Posted May 01, 2012 08:50 am CDT
Since she was 14 years old, Sara Ziff has been the face of fashion companies including Tommy Hilfiger, Stella McCartney and Kenneth Cole. Now, at 29—an age when the careers of most models have already faded—Ziff’s work as an emblem for other women has just begun.
This year, Ziff launched the Model Alliance, an advocacy group aimed at improving the working conditions of fashion models. And to prove she’s serious, Ziff has joined forces with Fordham University’s Fashion Law Institute. “Traditionally, there’s been a code of silence among models about some of these touchy subjects,” says Ziff, who took an interest in labor movements and community organizing while majoring in political science at Columbia University.
The Model Alliance came into being after Ziff screened her 2009 documentary, Picture Me, in New York City. After the screening, where Ziff led a heartfelt discussion with the audience about the sexual abuse models can face, Fordham’s Susan Scafidi approached her to help formulate a plan.
Scafidi, who heads Fordham’s Fashion Law Institute, knew a thing or two about being taken seriously in an industry many regard as pure fluff. She spent years in the trenches before she succeeded in getting fashion law recognized as a legal field, which she attributes to colleagues not being sure whether what she taught was a real legal realm or “too girlie.”
Together, the two knew the obstacles they would face in trying to help relieve some of the labor issues in the fashion world.
For example, agencies collect money from clients on behalf of models and hand over payment only after deducting commissions and any expenses. Sometimes, models aren’t even paid in cash and are only allowed to keep garments worn during a gig. “Often, when models are contracted for a job, they have no idea what—or if—they are getting paid,” Scafidi says.
And that’s just the beginning of the problems. Many underage models, imported from countries around the world, are forced to work extremely long hours. Others find their images on porn websites after intruders sneak cameras into changing rooms. And many more deal with creepy photographers making lascivious requests. “You should see the wheels turning when I tell young models they don’t need to obey requests to take their tops off,” Ziff says.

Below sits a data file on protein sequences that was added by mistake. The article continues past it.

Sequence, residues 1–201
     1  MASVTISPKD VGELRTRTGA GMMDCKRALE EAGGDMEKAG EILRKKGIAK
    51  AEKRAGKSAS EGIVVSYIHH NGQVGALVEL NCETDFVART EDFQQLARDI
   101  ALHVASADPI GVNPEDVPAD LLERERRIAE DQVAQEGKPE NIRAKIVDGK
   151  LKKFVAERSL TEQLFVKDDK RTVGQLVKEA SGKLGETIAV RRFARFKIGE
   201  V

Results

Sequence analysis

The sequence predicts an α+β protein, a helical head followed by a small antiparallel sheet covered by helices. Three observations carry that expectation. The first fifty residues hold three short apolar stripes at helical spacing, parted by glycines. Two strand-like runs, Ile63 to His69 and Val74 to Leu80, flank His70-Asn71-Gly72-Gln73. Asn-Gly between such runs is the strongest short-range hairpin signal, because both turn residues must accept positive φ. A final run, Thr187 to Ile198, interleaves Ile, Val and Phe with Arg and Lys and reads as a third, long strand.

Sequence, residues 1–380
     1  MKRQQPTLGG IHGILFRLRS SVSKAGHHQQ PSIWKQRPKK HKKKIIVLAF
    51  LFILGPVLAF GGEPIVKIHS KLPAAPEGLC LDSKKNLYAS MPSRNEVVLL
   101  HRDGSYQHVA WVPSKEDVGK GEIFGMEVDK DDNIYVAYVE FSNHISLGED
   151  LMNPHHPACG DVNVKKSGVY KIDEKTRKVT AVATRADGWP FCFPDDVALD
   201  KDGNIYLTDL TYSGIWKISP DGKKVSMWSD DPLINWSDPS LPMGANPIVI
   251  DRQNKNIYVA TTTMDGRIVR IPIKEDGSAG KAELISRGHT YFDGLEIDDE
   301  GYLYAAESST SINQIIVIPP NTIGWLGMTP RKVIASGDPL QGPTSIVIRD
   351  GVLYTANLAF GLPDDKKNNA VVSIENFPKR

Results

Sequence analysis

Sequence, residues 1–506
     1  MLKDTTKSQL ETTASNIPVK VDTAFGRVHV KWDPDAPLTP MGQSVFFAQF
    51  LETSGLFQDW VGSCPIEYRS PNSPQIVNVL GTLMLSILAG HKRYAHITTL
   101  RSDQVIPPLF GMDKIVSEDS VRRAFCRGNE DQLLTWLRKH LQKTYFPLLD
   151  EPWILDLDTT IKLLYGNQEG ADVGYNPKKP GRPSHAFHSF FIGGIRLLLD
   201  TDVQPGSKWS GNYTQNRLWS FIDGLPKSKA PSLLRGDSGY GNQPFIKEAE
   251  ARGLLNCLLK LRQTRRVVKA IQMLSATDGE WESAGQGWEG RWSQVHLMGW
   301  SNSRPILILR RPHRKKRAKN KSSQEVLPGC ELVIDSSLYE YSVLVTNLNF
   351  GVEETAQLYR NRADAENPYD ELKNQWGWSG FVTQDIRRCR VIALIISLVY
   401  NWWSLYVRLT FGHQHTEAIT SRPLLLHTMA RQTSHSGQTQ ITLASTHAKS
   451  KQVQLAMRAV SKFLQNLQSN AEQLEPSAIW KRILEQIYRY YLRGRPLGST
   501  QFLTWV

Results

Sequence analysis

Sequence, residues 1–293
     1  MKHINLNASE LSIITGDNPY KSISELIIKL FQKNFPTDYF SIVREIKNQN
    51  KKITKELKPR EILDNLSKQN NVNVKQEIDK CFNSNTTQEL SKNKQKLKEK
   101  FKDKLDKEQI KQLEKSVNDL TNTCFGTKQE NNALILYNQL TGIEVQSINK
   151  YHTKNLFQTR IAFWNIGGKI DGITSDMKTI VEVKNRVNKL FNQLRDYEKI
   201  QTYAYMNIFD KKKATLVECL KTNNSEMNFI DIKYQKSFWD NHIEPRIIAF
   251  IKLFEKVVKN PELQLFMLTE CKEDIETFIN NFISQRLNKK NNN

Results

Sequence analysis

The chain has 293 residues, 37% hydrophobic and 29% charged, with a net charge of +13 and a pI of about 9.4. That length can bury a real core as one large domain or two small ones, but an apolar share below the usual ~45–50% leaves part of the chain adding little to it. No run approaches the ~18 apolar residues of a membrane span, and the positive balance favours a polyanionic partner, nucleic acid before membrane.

The Model Alliance won’t attempt to form a union—that was attempted before and failed—but the group is working to educate modeling professionals about existing laws and freedoms, drafting a Models’ Bill of Rights and setting up a confidential grievance center that takes calls from models with problems.
“There are hundreds of thousands of 14-year-olds who read Vogue and who aspire to be glamorous,” Scafidi says. “If they can see these models take control over their careers and dignity and empower themselves, this will have a much larger effect than just on the models themselves.”
“It’s Not Easy Being Beautiful,” May, page 13, may imply that Fordham University law professor Susan Scafidi did not receive tenure immediately because of her interest in the field of fashion and the law. To clarify, Scafidi did receive tenure in the normal course of time but refrained from writing about fashion and intellectual property until after receiving tenure.